I want to keep a measure of sacredness to this building. Often after the worship service children will get in a chase game and run through the sanctuary, and I say slow down, walk in here… but I don’t have it in me to be too harsh because I know another boy from yesteryear who learned the walk run…. Many of you probably have no idea what is underneath this carpet ~ a beautiful SLICK wood floor. Decades ago all pews. I’ve heard children used to lie on their backs under the pews and race to the other end using their arms on the pews. I’ve heard the record is about 3.2 seconds from one end to the other. I don’t know how I would know that. I just can’t scold too harsh when children run…. But I want a measure of sacredness because we need it. But I know what it’s like to be a child, I also want children to have the experience of respectful fun. We need our own temples. We need our own place of safety. That’s what sanctuary means:. A place of rest. A place of protection. A place of forgiveness. Sanctuary, a place of refuge. One of the informal phrases I have adopted to describe our church: A place of Love, Acceptance and Forgiveness. That is what it means to BE A SANCTUARY.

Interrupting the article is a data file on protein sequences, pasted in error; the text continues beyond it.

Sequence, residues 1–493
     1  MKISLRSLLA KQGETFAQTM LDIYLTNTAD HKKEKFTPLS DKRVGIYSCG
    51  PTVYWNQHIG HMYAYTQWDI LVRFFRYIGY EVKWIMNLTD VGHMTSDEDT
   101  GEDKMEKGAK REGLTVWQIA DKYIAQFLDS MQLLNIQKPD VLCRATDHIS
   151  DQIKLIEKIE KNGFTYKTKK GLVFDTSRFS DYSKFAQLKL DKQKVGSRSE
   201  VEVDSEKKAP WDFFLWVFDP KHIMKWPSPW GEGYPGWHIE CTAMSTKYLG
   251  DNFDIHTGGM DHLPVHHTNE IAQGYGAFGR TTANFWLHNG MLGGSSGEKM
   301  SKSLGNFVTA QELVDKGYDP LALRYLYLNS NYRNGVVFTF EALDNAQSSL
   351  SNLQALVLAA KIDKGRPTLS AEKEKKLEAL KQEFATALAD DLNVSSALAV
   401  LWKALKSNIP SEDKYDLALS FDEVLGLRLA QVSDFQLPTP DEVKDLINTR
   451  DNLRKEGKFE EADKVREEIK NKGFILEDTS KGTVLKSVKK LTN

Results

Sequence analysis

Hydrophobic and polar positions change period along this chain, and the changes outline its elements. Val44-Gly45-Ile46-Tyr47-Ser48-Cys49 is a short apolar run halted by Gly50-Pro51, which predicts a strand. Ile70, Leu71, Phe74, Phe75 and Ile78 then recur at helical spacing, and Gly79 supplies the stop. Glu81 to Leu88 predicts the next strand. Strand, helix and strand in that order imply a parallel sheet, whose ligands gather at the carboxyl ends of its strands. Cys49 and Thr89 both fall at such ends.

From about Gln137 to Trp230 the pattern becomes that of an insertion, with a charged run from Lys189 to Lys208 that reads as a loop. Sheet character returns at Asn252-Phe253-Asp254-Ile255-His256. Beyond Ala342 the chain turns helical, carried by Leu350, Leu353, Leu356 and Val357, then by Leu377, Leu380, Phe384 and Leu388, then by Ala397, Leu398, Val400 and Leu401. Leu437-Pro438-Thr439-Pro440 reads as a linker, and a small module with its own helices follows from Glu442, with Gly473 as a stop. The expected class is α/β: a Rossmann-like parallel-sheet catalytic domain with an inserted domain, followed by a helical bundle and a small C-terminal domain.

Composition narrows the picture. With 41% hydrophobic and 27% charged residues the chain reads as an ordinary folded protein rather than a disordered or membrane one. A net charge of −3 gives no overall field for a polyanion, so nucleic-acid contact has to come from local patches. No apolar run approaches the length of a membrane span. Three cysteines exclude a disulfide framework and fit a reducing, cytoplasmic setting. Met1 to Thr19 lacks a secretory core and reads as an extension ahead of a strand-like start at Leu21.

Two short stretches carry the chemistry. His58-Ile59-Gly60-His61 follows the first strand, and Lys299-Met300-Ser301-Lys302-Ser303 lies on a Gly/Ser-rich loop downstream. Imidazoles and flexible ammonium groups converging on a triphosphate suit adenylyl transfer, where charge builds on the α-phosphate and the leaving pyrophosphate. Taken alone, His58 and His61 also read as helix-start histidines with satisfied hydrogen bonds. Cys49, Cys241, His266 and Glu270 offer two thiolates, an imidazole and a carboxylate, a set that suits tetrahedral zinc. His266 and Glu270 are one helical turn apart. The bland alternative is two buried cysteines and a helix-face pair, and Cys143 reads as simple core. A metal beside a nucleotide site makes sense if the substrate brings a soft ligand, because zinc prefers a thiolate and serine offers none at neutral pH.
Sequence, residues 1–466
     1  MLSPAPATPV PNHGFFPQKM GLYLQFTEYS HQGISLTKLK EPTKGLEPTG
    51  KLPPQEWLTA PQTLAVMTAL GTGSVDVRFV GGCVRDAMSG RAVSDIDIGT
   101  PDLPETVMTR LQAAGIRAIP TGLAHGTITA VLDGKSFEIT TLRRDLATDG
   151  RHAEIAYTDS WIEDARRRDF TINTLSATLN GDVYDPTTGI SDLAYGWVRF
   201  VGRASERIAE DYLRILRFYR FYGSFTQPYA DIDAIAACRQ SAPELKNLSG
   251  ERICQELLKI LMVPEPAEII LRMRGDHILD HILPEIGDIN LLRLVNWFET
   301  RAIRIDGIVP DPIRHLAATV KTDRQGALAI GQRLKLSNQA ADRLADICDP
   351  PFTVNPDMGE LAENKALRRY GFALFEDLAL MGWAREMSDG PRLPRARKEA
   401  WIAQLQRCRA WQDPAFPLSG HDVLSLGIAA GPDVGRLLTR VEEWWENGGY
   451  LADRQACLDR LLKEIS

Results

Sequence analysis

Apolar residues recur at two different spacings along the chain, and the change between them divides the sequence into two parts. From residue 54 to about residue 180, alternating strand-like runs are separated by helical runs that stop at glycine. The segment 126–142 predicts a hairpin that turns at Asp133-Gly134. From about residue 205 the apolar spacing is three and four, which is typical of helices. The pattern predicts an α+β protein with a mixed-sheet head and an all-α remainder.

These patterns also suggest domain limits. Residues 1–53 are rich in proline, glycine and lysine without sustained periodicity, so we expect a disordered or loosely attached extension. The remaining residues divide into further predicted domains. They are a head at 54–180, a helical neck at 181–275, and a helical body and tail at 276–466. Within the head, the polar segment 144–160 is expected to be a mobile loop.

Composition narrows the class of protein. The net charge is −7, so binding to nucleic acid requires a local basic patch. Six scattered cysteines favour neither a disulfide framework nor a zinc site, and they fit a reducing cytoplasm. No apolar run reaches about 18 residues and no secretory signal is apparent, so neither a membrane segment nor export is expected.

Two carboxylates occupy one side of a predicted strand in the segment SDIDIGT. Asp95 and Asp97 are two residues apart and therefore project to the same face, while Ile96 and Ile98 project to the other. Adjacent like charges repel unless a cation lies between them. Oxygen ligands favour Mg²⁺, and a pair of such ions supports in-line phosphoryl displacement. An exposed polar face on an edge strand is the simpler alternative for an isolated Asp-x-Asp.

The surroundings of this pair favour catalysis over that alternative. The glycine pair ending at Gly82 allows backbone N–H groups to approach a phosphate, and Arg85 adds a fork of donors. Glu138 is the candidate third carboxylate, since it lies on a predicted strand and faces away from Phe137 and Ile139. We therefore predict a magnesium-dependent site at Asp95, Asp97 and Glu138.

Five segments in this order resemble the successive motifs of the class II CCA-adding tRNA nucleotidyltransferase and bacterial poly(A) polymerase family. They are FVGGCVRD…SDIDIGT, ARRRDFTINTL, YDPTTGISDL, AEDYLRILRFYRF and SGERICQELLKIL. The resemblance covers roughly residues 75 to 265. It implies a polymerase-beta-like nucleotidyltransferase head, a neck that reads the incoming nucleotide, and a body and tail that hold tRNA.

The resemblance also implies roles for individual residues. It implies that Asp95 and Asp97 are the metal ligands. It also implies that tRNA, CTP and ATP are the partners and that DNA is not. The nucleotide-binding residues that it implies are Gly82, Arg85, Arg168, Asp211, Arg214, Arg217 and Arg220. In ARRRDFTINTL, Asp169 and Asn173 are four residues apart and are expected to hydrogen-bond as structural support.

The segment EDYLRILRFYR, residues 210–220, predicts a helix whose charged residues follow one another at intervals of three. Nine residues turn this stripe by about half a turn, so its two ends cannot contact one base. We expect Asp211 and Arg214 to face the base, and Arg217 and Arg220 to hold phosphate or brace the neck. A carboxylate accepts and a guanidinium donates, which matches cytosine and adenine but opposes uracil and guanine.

A great work for a great God. God blessed the temple as a place to worship and sacrifice. King David proclaims: “It was my desire to build a temple where the Ark of the Lord’s covenant, God’s footstool, could rest permanently” (1 Chron. 28:2, NLT). The purpose of the temple is more important than the temple itself. David knows God is bigger than the temple: the Ark is God’s footstool. The Ark is the ancient container housing the Ten Commandments, Aaron’s staff, and manna. David says he wants permanent place “A place of rest”. Our desire is always for stability, permanence. But life is about changes. God says the Temple will be built, not for a permanent house for God on earth, but a place of Sanctuary for the people of God. God allows the temple to be built because it helps His people with a place set apart to worship and rest/transformation. He says in many places in the O.T. that he doesn’t want the formality of sacrifices, he wants your heart.